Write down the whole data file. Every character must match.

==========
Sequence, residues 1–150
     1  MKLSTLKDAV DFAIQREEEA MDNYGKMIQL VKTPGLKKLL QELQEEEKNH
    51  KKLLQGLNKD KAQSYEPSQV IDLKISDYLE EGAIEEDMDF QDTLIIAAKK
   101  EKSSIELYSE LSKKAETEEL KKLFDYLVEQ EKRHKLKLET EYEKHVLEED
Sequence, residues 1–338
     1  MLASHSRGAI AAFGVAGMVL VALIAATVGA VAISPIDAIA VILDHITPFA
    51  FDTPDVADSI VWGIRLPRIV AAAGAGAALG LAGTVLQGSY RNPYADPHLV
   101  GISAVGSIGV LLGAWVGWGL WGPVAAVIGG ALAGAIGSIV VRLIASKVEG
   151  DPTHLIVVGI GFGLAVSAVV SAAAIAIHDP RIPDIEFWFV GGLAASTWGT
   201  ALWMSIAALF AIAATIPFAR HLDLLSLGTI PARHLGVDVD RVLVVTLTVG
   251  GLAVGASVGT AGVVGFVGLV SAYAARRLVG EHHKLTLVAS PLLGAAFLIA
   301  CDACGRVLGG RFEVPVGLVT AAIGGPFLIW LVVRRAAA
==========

Sequence, residues 1–150
     1  MKLSTLKDAV DFAIQREEEA MDNYGKMIQL VKTPGLKKLL QELQEEEKNH
    51  KKLLQGLNKD KAQSYEPSQV IDLKISDYLE EGAIEEDMDF QDTLIIAAKK
   101  EKSSIELYSE LSKKAETEEL KKLFDYLVEQ EKRHKLKLET EYEKHVLEED
Sequence, residues 1–338
     1  MLASHSRGAI AAFGVAGMVL VALIAATVGA VAISPIDAIA VILDHITPFA
    51  FDTPDVADSI VWGIRLPRIV AAAGAGAALG LAGTVLQGSY RNPYADPHLV
   101  GISAVGSIGV LLGAWVGWGL WGPVAAVIGG ALAGAIGSIV VRLIASKVEG
   151  DPTHLIVVGI GFGLAVSAVV SAAAIAIHDP RIPDIEFWFV GGLAASTWGT
   201  ALWMSIAALF AIAATIPFAR HLDLLSLGTI PARHLGVDVD RVLVVTLTVG
   251  GLAVGASVGT AGVVGFVGLV SAYAARRLVG EHHKLTLVAS PLLGAAFLIA
   301  CDACGRVLGG RFEVPVGLVT AAIGGPFLIW LVVRRAAA